An ESRI study indicates people tend to go for mortgages that do not offer value in the long run.
The behavioural research for the Central Bank says attractive mortgage offers often have hidden expenses.
Meanwhile, it has also found that the amount consumers repay on credit cards is influenced by minimum amounts suggested by lenders.
This can also lead to people paying more in fees and interest than they intend.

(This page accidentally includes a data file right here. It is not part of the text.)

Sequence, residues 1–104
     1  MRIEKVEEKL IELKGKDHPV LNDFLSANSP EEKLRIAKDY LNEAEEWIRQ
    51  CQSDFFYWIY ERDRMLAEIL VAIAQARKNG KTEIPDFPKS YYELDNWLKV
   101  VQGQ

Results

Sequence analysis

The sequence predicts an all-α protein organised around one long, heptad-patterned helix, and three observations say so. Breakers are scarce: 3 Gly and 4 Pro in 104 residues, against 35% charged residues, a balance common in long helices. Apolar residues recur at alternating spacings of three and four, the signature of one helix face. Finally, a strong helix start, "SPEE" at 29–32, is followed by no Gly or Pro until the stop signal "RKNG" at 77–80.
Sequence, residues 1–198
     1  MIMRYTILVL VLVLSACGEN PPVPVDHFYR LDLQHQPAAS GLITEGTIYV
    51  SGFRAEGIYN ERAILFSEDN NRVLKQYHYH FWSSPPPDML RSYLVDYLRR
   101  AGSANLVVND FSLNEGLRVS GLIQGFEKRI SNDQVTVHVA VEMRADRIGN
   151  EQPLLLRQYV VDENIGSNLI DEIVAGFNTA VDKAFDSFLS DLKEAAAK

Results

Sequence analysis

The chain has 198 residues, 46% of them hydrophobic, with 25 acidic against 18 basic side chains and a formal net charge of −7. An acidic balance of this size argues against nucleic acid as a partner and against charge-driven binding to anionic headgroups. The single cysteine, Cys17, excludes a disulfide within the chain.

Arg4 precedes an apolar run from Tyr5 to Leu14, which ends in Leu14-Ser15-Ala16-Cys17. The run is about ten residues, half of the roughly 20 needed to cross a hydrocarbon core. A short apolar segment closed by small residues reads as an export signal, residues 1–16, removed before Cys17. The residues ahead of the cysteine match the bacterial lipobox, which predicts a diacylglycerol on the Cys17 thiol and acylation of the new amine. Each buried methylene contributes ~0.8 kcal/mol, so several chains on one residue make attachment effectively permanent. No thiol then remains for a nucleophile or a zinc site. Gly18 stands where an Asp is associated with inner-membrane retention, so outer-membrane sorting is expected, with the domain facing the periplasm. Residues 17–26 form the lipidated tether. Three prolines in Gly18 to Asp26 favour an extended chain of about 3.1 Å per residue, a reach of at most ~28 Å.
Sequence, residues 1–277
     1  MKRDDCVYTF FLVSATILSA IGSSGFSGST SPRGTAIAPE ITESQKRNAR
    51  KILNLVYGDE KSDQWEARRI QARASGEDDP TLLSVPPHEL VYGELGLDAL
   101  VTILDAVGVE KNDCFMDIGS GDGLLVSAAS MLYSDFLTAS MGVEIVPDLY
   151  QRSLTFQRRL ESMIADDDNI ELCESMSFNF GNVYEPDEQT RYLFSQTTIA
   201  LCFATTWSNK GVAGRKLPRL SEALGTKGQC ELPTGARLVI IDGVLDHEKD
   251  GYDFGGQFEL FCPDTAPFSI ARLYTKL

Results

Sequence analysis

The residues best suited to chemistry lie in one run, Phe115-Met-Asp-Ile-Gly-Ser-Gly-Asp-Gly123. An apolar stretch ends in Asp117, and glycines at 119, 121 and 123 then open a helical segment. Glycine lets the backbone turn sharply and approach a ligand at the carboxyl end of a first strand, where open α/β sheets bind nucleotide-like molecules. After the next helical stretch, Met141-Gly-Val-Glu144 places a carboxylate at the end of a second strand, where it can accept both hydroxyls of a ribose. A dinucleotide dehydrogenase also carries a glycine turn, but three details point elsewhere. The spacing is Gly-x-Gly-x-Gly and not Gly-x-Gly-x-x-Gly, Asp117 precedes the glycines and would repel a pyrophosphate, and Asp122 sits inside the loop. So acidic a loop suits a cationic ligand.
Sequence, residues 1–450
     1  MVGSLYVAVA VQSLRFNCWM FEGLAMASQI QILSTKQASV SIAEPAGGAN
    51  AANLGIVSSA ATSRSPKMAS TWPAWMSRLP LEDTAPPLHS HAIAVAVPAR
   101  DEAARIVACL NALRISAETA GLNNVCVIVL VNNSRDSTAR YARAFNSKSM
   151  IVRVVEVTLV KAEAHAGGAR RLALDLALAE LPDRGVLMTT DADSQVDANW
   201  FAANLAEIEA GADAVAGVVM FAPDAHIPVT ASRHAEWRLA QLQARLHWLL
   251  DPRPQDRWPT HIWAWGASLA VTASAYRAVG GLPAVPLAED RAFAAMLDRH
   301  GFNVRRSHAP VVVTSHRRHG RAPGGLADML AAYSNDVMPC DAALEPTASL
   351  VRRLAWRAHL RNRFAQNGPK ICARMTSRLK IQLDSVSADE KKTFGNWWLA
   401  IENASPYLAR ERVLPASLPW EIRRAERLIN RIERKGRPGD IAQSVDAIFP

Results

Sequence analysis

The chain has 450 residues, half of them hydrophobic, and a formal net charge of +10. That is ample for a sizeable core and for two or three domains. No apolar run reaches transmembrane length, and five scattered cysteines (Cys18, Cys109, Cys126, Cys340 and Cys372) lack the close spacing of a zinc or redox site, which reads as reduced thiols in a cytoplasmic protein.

Professor Pete Lunn from the ESRI said credit card holders seem to use their credit limit as a target.
He said: "If a company increases their credit limit, then often the consumer takes that as a signal that they ought to be borrowing more, it's okay for them to borrow because they are uncertain about it.
"Now these days they are supposed to write to the consumer to tell them that they are doing that, but quite often people take the credit limit as a signal about how much they are kind of advised to borrow, rather than what the limit of their borrowing is."